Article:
Photo courtesy of Northern Michigan Athletics


But today, I look back and think of how much of a blessing in disguise it was. A benefit of being injured so early was Northern was able to petition, and I received the year of eligibility back as medical hardship from the NCAA. Knowing I could be on campus for five years changed my plans again, including my degree, but also provided a wealth of other opportunities.

I knew that hockey may not last forever, but one of the true benefits of college hockey is the education you receive. During my second year, I added Accounting to my Corporate Finance degree. I was able to add the additional classes since I knew I would be on campus for five years.

My second and third years on the ice were full of ups and downs. I was eager to earn a spot in the lineup but knew it wouldn’t be easy. I switched positions to forward and became a part of a special group, “the bricklayers.”

Every team has them, the guys who fight to be in the lineup every night, who will do anything for their teammates. They are the guys that run the scout penalty kill and power play units. The way they play may not always be pretty, but they work to get the job done. The term was coined by my teammate Brian Nugent. He was an upperclassman who had been through the grind. Not everyone could be one or would want to be one, but everyone respects the bricklayers.

During my fourth season, I saw my role on the team expand and my post-hockey plans develop. I was honored to be named a captain and took great pride in leading by example. Off the ice, I also received exciting news.

In November, as we waited to board our last flight for Anchorage in Seattle, I received a call from PricewaterhouseCoopers (PwC). PwC is one of the Big 4 accounting firms, and I was offered a final in-person interview for an internship I had applied for through our business faculty months before.  While I was ecstatic, we had important games to play so I decided to keep the news to myself until after the weekend series.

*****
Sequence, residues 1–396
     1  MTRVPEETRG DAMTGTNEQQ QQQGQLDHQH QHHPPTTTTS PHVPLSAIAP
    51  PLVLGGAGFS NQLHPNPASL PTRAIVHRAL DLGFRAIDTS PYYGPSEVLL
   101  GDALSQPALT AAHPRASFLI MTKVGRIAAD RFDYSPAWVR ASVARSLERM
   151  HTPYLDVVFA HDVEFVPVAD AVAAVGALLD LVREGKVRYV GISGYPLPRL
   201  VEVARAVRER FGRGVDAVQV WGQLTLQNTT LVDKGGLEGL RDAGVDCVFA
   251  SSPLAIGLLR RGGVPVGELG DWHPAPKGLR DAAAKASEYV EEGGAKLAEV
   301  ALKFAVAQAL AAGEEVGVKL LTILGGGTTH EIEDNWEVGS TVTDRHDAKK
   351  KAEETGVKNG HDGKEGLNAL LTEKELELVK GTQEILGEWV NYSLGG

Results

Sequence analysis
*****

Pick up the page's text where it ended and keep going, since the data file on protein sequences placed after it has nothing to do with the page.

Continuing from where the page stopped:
Before our next series at Western Michigan University, I was able to accept the interview and later the internship in Detroit.  If it had not been for the only Saturday/Sunday series of my career, and coach Walt Kyle’s understanding of the opportunity, I would not have been able to even accept the interview. I had to miss practice, but I could not afford to miss a game.

Photo courtesy of Jurassic Photo/Keith Wallace


During the following summer, I stayed in Detroit to work as an Assurance Intern at PwC. But as I worked hard to earn experience in accounting, I also found a place in the Eastside Elite League at Mt. Clemens with Steve Olesky (Chesterfield native; Pittsburgh Penguins) to train and prepare for my final year of college hockey. I knew that it was an important year in that it may be my last.

While we were unable to win a championship in my final season at NMU, I refuse to say it was not a success. We had a great group of guys who were dedicated to getting better while also having fun. I am grateful that I had the opportunity to live out a dream, earn a college degree and play college hockey across the state of Michigan and the country.

After graduating in May 2015, and before pursuing professional hockey, I again interviewed with PwC, but this time for a full-time position starting in 2016. I later accepted that position and am now finishing my license to become a Certified Public Accountant.

While every day at the rink and the palm trees in Pensacola were amazing, less than a second was all it took for 20-plus years of hard work and dedication to end my hockey career as a champion.  Now, I look forward to a new career and new challenges. And I know the journey will be just as special as the one I took in hockey.

Photo courtesy of Jurassic Photo/Keith Wallace